Frank Cohen pledges to create accessible art that all people can enjoy.
Two leading collectors have transformed a former dairy in the heart of London into a vast gallery that will compete with the Saatchi collection for the attention of contemporary art lovers.
Frank Cohen, a Mancunian DIY magnate whose collection is second only to Charles Saatchi’s, and Nicolai Frahm, a Dane based in London since 1997 with postwar European abstract art among his collecting passions, will stage shows drawing on their respective collections as well as loans from other sources.
Situated near the British Museum, the 12,500 sq ft warehouse was the former milk depot for Express Dairies, and Cohen and Frahm are retaining the building’s raw, industrial design. Entry will be free and there will be a bar lounge because, in Cohen’s words, “we think that art should be for everyone”.
Comparisons with Saatchi, who also opens his gallery to the public, are inevitable. There will be some overlaps, but the Dairy will stage one-man shows rather than the group exhibitions favoured by Saatchi. The opening show in April will be devoted to Swiss artist John Armleder. He is among older artists who, Cohen and Frahm believe, have been eclipsed by the art world’s obsession with youth.
“We’re trying to give London another space which has a completely different feel [from Saatchi's Chelsea gallery],” said Cohen, 69, who made his fortune with DIY stores, having started as a market trader selling wallpaper from an old ambulance “in the freezing cold seven days a week”. The son of a factory machinist, he left school at 15 and recalls that his family seemed never to have money but never starved. Over decades, he has built a collection of modern British artists including LS Lowry, as well as contemporary American, German, Chinese and Indian art.
The Tate showed its appreciation in appointing him a Turner prize judge in 2003, when Grayson Perry won (Perry is in Cohen’s collection). He opened a gallery in Wolverhampton, but few people beyond those in the know visited. Cohen closed it, deciding that he would find a space in London.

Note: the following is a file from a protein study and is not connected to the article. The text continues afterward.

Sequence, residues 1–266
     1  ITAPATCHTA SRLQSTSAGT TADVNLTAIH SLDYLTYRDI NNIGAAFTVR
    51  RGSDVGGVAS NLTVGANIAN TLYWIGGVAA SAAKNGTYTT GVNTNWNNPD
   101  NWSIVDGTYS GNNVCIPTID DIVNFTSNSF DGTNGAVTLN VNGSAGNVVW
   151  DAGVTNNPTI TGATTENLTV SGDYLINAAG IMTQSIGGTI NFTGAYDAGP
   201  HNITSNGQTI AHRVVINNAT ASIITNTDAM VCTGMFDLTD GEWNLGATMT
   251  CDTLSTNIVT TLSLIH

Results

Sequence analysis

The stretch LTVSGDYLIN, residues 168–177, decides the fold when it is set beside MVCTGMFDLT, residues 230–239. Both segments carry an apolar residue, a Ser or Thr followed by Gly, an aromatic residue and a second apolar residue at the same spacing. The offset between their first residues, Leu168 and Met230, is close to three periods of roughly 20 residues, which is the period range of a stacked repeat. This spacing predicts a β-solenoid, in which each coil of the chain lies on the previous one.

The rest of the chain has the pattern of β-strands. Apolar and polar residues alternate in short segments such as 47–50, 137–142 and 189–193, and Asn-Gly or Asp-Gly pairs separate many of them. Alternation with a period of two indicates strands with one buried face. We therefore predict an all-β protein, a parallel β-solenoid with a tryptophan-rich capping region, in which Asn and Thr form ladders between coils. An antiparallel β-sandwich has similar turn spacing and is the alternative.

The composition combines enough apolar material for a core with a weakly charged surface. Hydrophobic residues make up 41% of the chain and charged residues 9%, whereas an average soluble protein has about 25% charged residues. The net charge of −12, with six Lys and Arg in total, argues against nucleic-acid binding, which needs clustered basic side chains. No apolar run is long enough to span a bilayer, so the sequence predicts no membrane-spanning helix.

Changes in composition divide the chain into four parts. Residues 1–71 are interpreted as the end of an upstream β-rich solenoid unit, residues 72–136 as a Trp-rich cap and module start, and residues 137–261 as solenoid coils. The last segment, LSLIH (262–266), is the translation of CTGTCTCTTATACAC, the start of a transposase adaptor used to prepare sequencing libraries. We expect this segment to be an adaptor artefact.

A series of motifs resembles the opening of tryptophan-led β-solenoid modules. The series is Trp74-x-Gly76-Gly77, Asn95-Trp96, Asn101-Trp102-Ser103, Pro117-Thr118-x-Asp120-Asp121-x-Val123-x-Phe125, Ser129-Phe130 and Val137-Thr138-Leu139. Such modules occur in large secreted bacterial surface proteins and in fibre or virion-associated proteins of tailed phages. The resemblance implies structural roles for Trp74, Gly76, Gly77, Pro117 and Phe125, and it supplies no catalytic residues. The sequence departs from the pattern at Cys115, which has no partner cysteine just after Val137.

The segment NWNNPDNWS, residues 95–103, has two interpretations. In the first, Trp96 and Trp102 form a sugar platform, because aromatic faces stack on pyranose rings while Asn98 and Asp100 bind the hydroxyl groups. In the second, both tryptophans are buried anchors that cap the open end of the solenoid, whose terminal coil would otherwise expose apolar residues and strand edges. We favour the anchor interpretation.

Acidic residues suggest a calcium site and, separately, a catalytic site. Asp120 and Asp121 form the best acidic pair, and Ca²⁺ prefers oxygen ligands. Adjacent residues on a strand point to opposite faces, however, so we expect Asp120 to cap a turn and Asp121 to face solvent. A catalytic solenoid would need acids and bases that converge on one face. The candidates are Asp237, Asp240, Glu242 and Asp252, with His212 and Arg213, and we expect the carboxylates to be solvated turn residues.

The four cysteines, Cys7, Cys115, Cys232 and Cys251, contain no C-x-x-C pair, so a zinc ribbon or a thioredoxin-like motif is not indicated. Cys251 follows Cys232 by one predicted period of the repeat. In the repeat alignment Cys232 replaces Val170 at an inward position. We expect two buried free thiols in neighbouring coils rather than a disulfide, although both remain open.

Talking about the cost of collecting art, Cohen believes there are now so many billionaires worldwide that it is only a matter of time before prices for a single contemporary work soar to $500m and beyond. “There’s not a million people out there that can buy these things, but enough to spend $100m and $200m for single works,” said Cohen.
Frahm predicted: “Very soon you’ll see a $500m-work and, in our lifetime, you’ll probably see a $1bn artwork. The reason is that there are [many] new buyers. Everyone who has the money wants to get involved in art. In London, where you used to have no collectors, it’s an incredible thing to see. So the prices will keep going up because there are very few great art pieces available.”
The world record price was broken last year when Sotheby’s sold Edvard Munch’s The Scream for $120m (£74m). The buyer remains anonymous, but is assumed to be one of the 1,150 billionaires on the 2012 Forbes list. As the range of expensive items for a super-rich individual to spend on is limited, a unique piece of art must have a special appeal.
Cohen said: “When I was kid growing up, no one made billions. If you had £1m or £2m, you were a big shot – £100m now, you’re a poor relation.” On a Thai beach this month he overheard two holidaymakers. “They were talking about putting money in the bank. ‘I think I’ll put £200m in.’ This is how people talk. But I don’t think they care what they spend. If they want [an artwork], they’ll buy it.”